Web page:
For obvious financial reasons, self-service has been a resoundingly popular way for companies to achieve this. In a separate Forrester survey, 65 per cent of respondents said it was critical or very important to shift their customers to web self-service, while an additional 36 per cent said the same for phone self-service.

The implicit assumption in self-service initiatives is that customers respond better to having control over their experience, asking for help only when they need it. Confirming the truth of this assumption, however, requires constant customer satisfaction feedback mechanisms - but most companies still have no clear strategy for doing this.

Only 46 per cent of the companies Forrester surveyed had a company-wide customer experience effort under way, and more than one-third of these began only in the second half of 2006 - reflecting the nascent awareness of this issue.

Challenges in developing a unified strategy to improve customer experience may stem from business units using the same term to mean different things. Marketers may assume that a good customer experience can be measured in terms of increased brand awareness and competitive positioning, while sales staff will measure customer satisfaction in terms of absolute sales on the assumption that happy customers buy more.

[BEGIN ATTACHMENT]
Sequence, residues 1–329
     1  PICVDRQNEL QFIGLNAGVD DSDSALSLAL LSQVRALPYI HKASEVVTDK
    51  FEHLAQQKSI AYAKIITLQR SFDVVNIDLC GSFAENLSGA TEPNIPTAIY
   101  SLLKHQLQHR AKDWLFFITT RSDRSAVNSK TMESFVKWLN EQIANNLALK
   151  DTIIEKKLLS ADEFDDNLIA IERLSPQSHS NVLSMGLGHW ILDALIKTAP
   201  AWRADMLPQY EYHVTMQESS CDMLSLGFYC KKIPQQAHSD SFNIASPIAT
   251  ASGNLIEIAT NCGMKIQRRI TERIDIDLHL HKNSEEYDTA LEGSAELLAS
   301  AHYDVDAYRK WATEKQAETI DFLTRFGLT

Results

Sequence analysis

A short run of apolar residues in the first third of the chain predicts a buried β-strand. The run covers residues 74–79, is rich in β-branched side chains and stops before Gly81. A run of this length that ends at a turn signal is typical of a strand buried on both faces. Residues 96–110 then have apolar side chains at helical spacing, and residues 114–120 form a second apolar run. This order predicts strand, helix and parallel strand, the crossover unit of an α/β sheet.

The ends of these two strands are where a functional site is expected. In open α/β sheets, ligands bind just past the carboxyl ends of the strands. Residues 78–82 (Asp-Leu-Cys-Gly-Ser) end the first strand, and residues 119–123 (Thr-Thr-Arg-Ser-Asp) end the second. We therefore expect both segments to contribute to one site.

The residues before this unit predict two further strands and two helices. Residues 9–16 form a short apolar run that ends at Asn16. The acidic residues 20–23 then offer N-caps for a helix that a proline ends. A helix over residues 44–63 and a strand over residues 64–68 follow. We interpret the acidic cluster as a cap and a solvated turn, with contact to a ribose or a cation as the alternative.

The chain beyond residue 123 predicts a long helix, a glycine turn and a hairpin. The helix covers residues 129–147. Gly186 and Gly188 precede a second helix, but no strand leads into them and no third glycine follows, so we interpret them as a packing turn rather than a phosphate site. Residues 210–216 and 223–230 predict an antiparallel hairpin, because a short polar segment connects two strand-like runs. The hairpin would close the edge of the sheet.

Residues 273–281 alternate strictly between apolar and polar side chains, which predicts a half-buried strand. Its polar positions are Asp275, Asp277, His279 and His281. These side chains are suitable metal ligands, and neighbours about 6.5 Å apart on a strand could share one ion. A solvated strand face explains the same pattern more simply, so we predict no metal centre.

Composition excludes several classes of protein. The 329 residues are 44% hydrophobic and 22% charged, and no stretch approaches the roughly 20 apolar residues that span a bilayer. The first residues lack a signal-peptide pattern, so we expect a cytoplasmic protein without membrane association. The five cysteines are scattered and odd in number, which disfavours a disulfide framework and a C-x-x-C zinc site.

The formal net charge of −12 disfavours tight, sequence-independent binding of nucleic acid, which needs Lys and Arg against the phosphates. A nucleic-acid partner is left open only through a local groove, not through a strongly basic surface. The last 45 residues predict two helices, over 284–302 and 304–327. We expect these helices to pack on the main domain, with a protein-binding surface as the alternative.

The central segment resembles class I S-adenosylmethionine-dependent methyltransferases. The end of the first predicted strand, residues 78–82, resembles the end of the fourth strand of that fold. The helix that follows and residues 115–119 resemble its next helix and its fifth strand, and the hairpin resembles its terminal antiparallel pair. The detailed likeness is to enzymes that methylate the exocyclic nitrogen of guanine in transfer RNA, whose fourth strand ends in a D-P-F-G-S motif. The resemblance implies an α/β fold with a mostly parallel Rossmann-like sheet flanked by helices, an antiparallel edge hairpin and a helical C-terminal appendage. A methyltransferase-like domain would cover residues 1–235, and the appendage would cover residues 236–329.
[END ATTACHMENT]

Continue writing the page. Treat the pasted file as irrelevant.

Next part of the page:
At the same time, senior executives concerned with continued growth may prefer to assess customer satisfaction in terms of long-term customer relationships and repeat business. Such has been the case at Westpac Banking Corporation, which is on the verge of completing a massive CRM project built around Oracle Siebel CRM, SAS Institute data analytics and Teradata back-end data management.

The Westpac Reach project represents a $200 million investment and five years' effort, but most of that has extended beyond simply providing technology to help employees sell better. Rather, a big challenge has been to train 9000 employees in proactively seeking feedback from customers, then acting on it to strengthen the long-term relationship.

Need for change